Extended use of property tax in municipalities
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eiendomsskatt, Property tax, municipal tax, tax rate, basic deduction, municipal revenue, operational accountsLocal government finances , KOSTRA , Tax accounts , Public sector

Property tax2010



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Extended use of property tax in municipalities

Property tax was a source of revenue for 309 municipalities in 2010. The municipalities had total revenues of NOK 7.1 billion from property tax in 2010. Property tax then contributed to 2.4 per cent of the municipalities’ total gross operating revenues.

The municipalities had total revenues of NOK 7.1 billion from property tax in 2010, compared to NOK 6.5 billion in 2009.

In 2010, 309 municipalities chose to acquire property tax as a source of income compared to 299 municipalities in 2009. Of this, 129 municipalities imposed property tax on mills and factories, while 35 municipalities chose to acquire property tax from both the areas used for mills and factories and areas built with town-like features. A total of 145 municipalities chose to acquire property tax in the municipality as a whole; an increase of 33 municipalities since 2009. There were thus 180 municipalities that had property tax on residential property compared to 166 in 2009. In total, 121 municipalities responded that they did not impose property tax in 2010.

Increased revenue from property tax

The municipalities’ income acquired from property tax increased by about NOK 613 million from 2009 to 2010. Property tax accounted for 2.4 per cent of the total gross operating revenues. Income from property tax is divided into two categories; other real estate and residential homes and vacation properties. In 2010, property tax from other real estate amounted to 57.5 per cent or about NOK 4.1 billion, whereas 42.5 per cent, or just about NOK 3 billion, was derived from residential homes and vacation properties.

Revenues from property tax are on average NOK 23 million for each of the 309 municipalities that had imposed the tax. On average, the owner of a house measuring 120 square metres located close to the municipality’s centre paid approximately NOK 2 600 in property tax in 2010, compared to about NOK 2 300 in 2009. There are significant differences in how much income municipalities acquire from property tax. The variation arises from whether they acquire the revenues from property taxes charged from other real estates or from residential homes and vacation properties.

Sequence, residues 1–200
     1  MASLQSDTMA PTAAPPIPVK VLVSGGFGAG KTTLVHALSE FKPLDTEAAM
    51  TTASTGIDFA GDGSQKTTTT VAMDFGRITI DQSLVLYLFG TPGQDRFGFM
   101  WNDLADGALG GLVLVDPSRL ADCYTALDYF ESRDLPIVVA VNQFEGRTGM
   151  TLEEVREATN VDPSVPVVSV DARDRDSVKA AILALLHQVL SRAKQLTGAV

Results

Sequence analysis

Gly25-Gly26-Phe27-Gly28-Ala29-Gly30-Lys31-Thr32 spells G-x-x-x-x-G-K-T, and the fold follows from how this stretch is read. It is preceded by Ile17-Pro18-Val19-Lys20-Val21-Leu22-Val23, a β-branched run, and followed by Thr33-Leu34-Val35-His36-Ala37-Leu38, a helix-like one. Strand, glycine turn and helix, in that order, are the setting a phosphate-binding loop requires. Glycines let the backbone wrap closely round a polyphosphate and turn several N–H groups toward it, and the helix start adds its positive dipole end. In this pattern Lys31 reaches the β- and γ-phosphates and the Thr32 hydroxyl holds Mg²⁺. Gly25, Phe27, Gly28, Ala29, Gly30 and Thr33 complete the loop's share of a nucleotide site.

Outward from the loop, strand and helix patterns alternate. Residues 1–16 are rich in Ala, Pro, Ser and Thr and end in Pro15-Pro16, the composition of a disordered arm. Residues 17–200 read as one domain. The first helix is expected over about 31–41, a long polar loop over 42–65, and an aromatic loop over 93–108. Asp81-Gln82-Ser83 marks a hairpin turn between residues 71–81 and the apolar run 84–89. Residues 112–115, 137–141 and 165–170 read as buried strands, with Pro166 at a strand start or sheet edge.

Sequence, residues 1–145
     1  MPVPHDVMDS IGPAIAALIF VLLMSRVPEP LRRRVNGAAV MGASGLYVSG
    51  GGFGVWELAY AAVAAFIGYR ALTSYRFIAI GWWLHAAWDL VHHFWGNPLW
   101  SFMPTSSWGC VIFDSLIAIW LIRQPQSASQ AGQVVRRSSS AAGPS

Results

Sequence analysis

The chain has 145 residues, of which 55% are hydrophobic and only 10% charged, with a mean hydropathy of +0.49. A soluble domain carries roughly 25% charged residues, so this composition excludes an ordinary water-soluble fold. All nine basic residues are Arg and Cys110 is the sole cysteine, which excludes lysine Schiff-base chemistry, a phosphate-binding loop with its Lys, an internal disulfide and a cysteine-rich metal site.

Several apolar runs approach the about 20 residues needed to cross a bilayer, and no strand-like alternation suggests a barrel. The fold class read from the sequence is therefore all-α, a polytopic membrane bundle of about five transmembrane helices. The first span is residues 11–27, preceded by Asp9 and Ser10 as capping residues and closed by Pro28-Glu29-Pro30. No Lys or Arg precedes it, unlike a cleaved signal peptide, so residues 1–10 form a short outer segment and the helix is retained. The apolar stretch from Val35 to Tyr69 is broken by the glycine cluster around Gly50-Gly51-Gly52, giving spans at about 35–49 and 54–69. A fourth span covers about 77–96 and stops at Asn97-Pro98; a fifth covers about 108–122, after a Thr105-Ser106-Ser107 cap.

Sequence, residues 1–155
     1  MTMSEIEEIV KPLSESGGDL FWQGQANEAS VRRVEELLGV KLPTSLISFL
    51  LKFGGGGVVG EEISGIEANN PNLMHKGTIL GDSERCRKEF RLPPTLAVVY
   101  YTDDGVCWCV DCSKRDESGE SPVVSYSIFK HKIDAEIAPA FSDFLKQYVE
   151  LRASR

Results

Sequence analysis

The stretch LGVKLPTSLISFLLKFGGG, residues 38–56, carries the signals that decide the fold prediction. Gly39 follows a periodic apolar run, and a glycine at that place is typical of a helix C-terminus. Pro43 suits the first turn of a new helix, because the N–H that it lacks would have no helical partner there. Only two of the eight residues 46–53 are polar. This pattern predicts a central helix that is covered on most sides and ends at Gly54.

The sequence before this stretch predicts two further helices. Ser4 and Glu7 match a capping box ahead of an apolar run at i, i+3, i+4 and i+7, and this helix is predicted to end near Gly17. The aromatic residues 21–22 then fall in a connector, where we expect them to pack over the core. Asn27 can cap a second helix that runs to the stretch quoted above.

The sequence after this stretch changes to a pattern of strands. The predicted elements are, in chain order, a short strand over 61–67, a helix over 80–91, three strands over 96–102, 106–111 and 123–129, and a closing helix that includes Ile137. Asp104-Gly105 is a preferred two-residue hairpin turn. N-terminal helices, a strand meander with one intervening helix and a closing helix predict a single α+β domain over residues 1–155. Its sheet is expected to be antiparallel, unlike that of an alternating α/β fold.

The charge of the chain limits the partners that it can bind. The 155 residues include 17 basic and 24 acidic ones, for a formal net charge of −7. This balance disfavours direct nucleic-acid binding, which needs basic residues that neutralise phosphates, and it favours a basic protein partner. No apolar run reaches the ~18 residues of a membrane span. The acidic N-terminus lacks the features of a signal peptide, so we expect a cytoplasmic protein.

General tax rates, differentiated tax rates, basic deductions and exemptions for new houses

In 2010, the average tax rate was 5.9 per thousand, the same as in 2009. The general tax rate is set to a minimum of 2 per thousand and a maximum of 7 per thousand. The municipalities can determine the level of tax rate payable themselves. A total of 31 municipalities have chosen to have a differentiated tax rate for residential homes and vacation properties. Eighty-four municipalities have a basic tax deduction for residential homes and vacation properties, while 76 municipalities exempt new houses from property taxation.

Property tax

Property tax is a municipal tax that each individual municipality drafts in accordance with the property tax law of June 1975 no. 29 (‘ eigedomsskattelova ’). According to this legislation, it is the municipal council that decides whether to impose property taxes in the municipality. The municipal council can decide to impose property taxes in areas with mills and factories, areas built with town-like features or in both of these areas. With effect from 2007, the property tax law (‘ eigedomsskattelova ’) was changed such that the municipalities have the option to impose property tax in the whole municipality.

About the statistics

KOSTRA data for property tax are reported through file extracts from the municipal accounts and questionnaire 33: “Property tax in the municipalities”. As from 2007, property tax has been registered under two types, 874 (‘use of mills and factories’) and 875 (‘other real estate’). Before 2007, all property taxes were registered under type 874 (’property tax’). From the year 2009, the contents and names of the two types that the municipalities shall report property taxes for have been changed. From the year 2009 the new names for these will be 874 “property taxes from other real estates” and type 875 “property taxes from residential and vacation properties”. The contents of type 875 have now changed such that it will only consist of property taxes paid from residential and vacation properties. Property taxes from office properties, service industries properties and other permanent properties that previously were registered on type 875 will be registered on type 874. Property taxes from all other properties including mills and factories will now be registered on type 874.

Questionnaire 33 “Property tax in the municipalities” has been answered for the first time by the municipalities in 2008 (for accounting year 2007). In the questionnaire, the municipalities report among other things whether they impose property tax, the general tax rate, basic tax deductions and property tax charged on a home equivalent to 120 square metres located in the city centre.

Out of 430 municipalities, 426 municipalities reported their accounts and 430 answered questionnaire 33 for 2010. In 2007, 410 municipalities reported questionnaire 33 and several of the municipalities left 2 questions unanswered: (1) What year did the last general assessment take effect? and (2) Does the municipality have property tax exemption for new houses? The response rates are low for these questions.